Author Topic: So, there was thing involving a man named Fox and a man named Werrity...  (Read 384 times)

Cain

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Dr Liam Fox was our former Defence Minister.  Known for his hardline, neoconservative views and outspoken support of Israel, the USA and Sri Lanka.

It also turns out he may have been an unwitting intelligence asset for foreign powers.

Enter Adam Werritty.  A friend of Liam Fox, despite their difference in ages, they have a relationship with each other which has promoted much double entendres in the press, not at least because Werritty once lived in Fox's apartment for several months at a time (on the taxpayer's dime), their similar dress sense and the way they always seemed to meet up when travelling abroad.

Who is Adam Werritty?  Well, when Liam Fox was the shadow minister for health, Werritty was a health management consultant.  When Fox became defence minister, Werritty became a consultant on defence issues.  He was also employed by the Atlantic Bridge, a neoconservative "charity"/propaganda outlet, which somehow paid for Werritty to roam the world, until the Bridge was shut down under violations of UK charity laws.

Werrity's business card described him as a "Special Advisor to Liam Fox", despite the fact he had never one been vetted by the MoD.  He frequently sat in on meetings that Liam Fox was holding, again despite not having a security clearance.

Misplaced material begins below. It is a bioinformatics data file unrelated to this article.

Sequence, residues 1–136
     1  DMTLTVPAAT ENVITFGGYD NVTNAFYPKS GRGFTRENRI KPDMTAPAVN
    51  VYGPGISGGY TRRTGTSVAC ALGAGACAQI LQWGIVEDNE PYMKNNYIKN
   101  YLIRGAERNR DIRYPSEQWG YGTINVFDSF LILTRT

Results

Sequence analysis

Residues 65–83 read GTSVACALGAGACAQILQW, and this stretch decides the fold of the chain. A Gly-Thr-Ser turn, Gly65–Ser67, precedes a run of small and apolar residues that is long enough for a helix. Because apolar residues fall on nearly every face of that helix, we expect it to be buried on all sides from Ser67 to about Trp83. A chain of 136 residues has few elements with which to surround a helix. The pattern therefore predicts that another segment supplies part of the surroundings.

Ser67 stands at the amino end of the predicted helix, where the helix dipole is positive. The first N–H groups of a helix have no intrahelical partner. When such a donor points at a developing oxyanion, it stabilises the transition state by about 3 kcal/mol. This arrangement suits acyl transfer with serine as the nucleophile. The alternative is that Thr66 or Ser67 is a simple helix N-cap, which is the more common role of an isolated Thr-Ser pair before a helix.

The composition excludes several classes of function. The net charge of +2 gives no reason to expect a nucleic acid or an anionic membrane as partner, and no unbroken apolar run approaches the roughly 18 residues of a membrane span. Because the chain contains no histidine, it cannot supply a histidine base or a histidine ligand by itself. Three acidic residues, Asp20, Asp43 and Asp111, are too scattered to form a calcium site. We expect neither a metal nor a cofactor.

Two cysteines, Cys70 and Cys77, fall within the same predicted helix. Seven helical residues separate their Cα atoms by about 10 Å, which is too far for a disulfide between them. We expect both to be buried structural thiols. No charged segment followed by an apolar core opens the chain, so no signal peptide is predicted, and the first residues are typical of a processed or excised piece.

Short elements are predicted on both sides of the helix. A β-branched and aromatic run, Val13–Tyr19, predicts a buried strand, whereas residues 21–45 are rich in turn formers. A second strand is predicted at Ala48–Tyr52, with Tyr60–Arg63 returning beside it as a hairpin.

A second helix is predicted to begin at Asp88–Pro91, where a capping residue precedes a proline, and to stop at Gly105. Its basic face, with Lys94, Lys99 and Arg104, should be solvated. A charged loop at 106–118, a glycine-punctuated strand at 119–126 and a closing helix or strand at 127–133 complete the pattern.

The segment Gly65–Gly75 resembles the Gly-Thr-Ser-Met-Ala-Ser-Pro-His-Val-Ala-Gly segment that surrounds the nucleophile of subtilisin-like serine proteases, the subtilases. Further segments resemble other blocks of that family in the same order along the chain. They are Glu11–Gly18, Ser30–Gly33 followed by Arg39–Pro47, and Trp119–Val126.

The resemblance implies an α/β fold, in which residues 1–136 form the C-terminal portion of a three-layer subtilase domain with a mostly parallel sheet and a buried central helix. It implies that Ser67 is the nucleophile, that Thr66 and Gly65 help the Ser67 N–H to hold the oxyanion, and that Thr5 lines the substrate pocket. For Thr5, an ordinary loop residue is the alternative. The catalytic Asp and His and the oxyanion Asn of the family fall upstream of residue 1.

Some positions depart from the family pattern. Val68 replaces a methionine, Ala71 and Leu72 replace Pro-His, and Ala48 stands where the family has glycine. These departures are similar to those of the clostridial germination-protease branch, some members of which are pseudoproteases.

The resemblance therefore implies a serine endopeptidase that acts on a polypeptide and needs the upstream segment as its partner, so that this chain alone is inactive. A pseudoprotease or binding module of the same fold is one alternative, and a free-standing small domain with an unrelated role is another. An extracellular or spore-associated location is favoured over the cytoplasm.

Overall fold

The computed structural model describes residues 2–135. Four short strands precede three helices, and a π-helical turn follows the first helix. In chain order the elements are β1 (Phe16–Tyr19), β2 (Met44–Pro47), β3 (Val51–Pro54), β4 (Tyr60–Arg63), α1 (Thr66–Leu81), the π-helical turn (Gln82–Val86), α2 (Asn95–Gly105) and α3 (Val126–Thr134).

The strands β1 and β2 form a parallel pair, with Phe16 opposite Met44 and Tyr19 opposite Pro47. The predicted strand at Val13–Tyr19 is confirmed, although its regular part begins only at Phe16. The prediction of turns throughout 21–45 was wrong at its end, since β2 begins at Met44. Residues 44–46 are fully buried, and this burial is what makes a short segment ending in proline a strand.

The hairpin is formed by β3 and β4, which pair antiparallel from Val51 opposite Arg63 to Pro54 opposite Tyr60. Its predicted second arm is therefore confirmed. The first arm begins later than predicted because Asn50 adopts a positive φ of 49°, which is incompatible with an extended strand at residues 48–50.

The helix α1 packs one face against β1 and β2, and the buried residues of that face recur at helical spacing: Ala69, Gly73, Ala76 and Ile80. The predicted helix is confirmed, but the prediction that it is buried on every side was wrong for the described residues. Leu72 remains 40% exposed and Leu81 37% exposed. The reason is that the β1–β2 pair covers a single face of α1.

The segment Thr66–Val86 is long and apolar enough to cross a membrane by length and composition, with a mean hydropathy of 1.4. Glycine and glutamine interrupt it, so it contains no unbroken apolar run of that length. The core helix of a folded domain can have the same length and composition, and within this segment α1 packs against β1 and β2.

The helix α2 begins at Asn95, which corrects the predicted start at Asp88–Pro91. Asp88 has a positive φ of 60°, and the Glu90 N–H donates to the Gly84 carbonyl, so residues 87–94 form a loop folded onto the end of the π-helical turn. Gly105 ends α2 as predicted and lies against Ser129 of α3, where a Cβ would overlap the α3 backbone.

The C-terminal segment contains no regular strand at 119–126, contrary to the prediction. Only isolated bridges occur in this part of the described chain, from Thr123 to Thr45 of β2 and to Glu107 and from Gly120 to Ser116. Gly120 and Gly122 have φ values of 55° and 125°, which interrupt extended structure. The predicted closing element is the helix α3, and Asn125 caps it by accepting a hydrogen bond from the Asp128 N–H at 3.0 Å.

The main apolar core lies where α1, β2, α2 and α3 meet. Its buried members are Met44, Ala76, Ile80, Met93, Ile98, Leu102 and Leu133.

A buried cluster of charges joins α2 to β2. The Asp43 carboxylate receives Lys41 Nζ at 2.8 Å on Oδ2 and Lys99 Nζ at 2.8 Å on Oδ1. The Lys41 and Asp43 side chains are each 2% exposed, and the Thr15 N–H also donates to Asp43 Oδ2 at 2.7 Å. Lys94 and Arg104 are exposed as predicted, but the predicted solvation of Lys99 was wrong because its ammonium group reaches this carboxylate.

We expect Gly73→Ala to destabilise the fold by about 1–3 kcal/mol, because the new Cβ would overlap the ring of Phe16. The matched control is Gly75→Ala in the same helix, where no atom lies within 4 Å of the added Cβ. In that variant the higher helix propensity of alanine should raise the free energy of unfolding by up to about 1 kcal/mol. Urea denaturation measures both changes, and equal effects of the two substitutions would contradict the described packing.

And despite having no clear job or means of income, Werritty still managed to afford to travel the world, meeting the powerful and influential in places like Dubai.  It was later disclosed that Werritty's income came from "private donors".

So far, the mainstream British press has relied on the old canard of corruption in high places and lobbyists with undue influence as their chosen talking points, despite the fact that the MoD actually suspects Werritty is the agent of a foreign power - possibly Israel or America - there to keep a check on the Defence Minister and have access to his meetings and schedule (Werritty did, in fact, have access to Liam Fox's diary, which includes all of his meetings, both with foreign politicians and security officials, as well as with domestic ones).

However, the spy angle looks like it has just cracked.

http://www.independent.co.uk/news/uk/politics/revealed-foxs-best-man-and-his-ties-to-irans-opposition-2371352.html

Quote
The self-styled adviser to Mr Fox, whose close personal friendship with the former defence secretary led to Mr Fox's downfall, has visited Iran on several occasions and met Iranian opposition groups in Washington and London over the past few years, The Independent on Sunday has learnt.

Mr Werritty, 33, has been debriefed by MI6 about his travels and is so highly regarded by the Israeli intelligence service Mossad who thought he was Mr Fox's chief of staff that he was able to arrange meetings at the highest levels of the Israeli government, multiple sources have told The IoS.

Quote
Yet the access to senior government figures Mr Werritty enjoyed across the globe suggests otherwise. Mr Werritty, said one source, worked closely with US-backed neocons who thought they could "bring down Ahmadinejad".

Even though such a plot would be highly ambitious, if not impossible, Mr Werritty's activities fly in the face of the British Government's efforts to pursue a diplomatic solution, through the UN, to Iran's nuclear ambitions.

Mr Werritty joined Mr Fox, while he was shadow defence secretary, on a visit to Iran in the summer of 2007. The IoS understands the adviser has also visited the country on several occasions before and after, although it is not known how long he stayed or whom he met.